Created by Jijith Nadumuri at 23 Jul 2011 15:47 and updated at 23 Jul 2011 15:47


vp.2.3 [paragraph continues] Girigahvaras( 159), atreyas, Bharadwajas 160, Stanayoshikas 161, Proshakas 162, Kalinga 163, and tribes of Kiratas, Tomaras, Hansamargas, and Karabhanjikas 164. These and many other nations, dwelling in the east and in the north, can be only thus briefly noticed.
vp.3.7 Bhishma said to the prince, "There formerly came on a visit to me a friend of mine, a Brahman, from the Kalinga country, who told me that he had once proposed this question to a holy Muni, who retained the recollection of his former births, and by whom what was, and what will be, was accurately told. Being importuned by me, who placed implicit faith in his words, to repeat what that pious personage had imparted to him, he at last communicated it to me; and what he related I have never met with elsewhere.
vp.3.7 "Having, then, on one occasion, put to him the same question which you have asked, the Kalinga Brahman recalled the story that had been told him by the Muni the great mystery that had been revealed to him by the pious sage, who remembered his former existence a dialogue that occurred between Yama and one of his ministers.
vp.3.7 Such, said the Kalinga Brahman, were the instructions communicated by the deity of justice, the son of the sun, to his servants, as they were repeated to me by that holy personage, and as I have related them to you, chief of the house of Kuru Bhishma(). So also, Nakula, I have faithfully communicated to you all I heard from my pious friend, when he came from his country of Kalinga to visit me. I have thus explained to you, as was fitting, that there is no protection in the ocean of the world except Vishnu; and that the servants and ministers of Yama, the king of the dead himself, and his tortures, are all unavailing against one who places his reliance on that divinity."
vp.4.18 Anu 1, the fourth son of Yayati, had three sons, Sabhanara, Chakshusha, and Paramekshu 2. The son of the first was Kalanara 3; his son was srinjaya; his son was Puranjaya; his son was Janamejaya; his son was Mahamani 4; his son was Mahamanas, who had two sons, Usinara and Titikshu. Usinara had five sons, sivi, Trina 5, Gara 6, Krimi, Darvan 7. sivi had four sons, Vrishadarbha, Suvira, Kaikeya, and Madra 8. Titikshu had one son, Ushadratha 9; his son was Hema 10; his son was Sutapas; his son was Bali, on whose wife five sons were begotten by Dirghatamas, or Anga, Banga, Kalinga, Suhma, and Pundra 11; and their descendants, and the five countries they inhabited, were known by the same names 12.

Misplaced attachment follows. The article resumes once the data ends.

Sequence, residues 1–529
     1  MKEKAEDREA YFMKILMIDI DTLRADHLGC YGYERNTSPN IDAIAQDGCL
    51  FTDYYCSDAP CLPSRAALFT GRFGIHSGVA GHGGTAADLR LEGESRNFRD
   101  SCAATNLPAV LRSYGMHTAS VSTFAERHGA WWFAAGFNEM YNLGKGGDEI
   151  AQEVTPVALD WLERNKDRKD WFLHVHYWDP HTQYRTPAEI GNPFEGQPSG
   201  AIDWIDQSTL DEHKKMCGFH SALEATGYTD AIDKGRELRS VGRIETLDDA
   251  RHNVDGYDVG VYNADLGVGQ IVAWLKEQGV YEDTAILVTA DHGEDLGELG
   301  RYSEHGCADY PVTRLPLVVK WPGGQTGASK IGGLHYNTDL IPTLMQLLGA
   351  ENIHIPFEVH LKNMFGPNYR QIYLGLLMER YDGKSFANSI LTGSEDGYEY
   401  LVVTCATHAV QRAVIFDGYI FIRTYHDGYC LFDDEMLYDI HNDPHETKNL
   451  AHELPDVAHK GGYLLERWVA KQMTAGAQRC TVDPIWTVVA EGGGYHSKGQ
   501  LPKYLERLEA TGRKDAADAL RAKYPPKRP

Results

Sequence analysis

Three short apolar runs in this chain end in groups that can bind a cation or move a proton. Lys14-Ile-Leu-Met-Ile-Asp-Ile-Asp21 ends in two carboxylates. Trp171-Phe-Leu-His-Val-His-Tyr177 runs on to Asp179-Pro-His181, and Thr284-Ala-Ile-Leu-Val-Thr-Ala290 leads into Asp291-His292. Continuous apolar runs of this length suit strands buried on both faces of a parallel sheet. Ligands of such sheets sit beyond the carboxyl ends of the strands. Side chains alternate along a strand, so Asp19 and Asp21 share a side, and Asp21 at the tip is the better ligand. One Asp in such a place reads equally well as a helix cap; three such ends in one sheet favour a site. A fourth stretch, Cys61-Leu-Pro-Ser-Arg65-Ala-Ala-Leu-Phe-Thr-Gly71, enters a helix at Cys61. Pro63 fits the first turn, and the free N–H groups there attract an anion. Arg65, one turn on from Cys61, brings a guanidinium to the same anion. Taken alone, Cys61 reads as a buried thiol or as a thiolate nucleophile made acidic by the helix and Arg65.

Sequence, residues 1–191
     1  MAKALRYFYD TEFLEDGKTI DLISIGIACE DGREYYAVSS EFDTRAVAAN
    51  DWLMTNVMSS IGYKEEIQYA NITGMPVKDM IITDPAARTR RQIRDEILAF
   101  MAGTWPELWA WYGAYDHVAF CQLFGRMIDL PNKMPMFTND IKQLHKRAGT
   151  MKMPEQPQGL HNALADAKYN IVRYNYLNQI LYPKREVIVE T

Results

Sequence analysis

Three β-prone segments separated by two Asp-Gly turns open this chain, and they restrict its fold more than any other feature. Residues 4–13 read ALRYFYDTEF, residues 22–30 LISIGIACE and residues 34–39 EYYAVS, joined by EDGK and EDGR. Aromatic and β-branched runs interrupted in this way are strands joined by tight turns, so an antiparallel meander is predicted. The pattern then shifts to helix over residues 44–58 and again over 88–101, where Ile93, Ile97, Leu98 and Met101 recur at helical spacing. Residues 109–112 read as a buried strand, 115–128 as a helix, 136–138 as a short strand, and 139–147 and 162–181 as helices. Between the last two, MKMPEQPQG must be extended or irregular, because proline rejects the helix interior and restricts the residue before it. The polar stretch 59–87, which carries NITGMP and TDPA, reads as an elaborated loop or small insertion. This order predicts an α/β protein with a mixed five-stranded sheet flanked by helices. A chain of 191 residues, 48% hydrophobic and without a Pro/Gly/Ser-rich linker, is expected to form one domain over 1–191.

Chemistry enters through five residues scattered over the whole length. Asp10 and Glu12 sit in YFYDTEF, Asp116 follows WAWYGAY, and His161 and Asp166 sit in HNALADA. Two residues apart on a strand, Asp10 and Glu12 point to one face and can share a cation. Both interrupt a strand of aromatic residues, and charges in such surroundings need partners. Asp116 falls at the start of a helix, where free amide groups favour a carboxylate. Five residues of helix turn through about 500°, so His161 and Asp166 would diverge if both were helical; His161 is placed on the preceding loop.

vp.4.24 [paragraph continues] Devarakshita will reign, in a city on the sea shore, over the Kosalas, Odras, Pundras, and Tamraliptas 71. The Guhas will possess Kalinga, Mahihaka, and the mountains of Mahendra 72. The race of Manidhanu will occupy the countries of the Nishadas, Naimishikas, and Kalatoyas 73.
vp.5.28 The heroic Pradyumna was chosen for her lord, at her public choice of a husband, by the daughter of Rukmin; and he had by her the powerful and gallant prince Aniruddha, who was fierce in fight, an ocean of prowess, and the tamer of his foes. Kesava demanded in marriage for him the granddaughter of Rukmin; and although the latter was inimical to Krishna, he betrothed the maiden (who was his son s daughter) to the son of his own daughter (her cousin Aniruddha). Upon the occasion of the nuptials Rama and other Yadavas attended Krishna to Bhojakata, the city of Rukmin. After the wedding had been solemnized, several of the kings, headed by him of Kalinga, said to Rukmin, "This wielder of the ploughshare is ignorant of the dice, which may be converted into his misfortune: why may we not contend with him, and beat him, in play?" The potent Rukmin replied to them, and said, "So let it be:" and he engaged Balarama at a game of dice in the palace. Balarama soon lost to Rukmin a thousand Nishkas 3: he then staked and lost another thousand; and then pledged ten thousand, which Rukmin, who was well skilled in gambling, also won. At this the king of Kalinga laughed aloud, and the weak and exulting Rukmin grinned, and said, Baladeva" is losing, for he knows nothing of the game; although, blinded by a vain passion for play, he thinks he understands the dice." Halayudha, galled by the broad laughter of the Kalinga prince, and the contemptuous speech of Rukmin, was exceedingly angry, and,
vp.5.28 not accept the pledge in words, he did so by his acts (having cast the dice)." Balarama thus excited, his eyes red with rage, started up, and struck Rukmin with the board on which the game was played, and killed him 4. Taking hold of the trembling king of Kalinga, he knocked out the teeth which he had shewn when he laughed. Laying hold of a golden column, he dragged it from its place, and used it as a weapon to kill those princes who had taken part with his adversaries. Upon which the whole circle, crying out with terror, took to flight, and escaped from the wrath of Baladeva. When Krishna heard that Rukmin had been killed by his brother, he made no remark, being afraid of Rukmini on the one hand, and of Bala on the other; but taking with him the newly wedded Aniruddha, and the Yadava tribe, he returned to Dwaraka.

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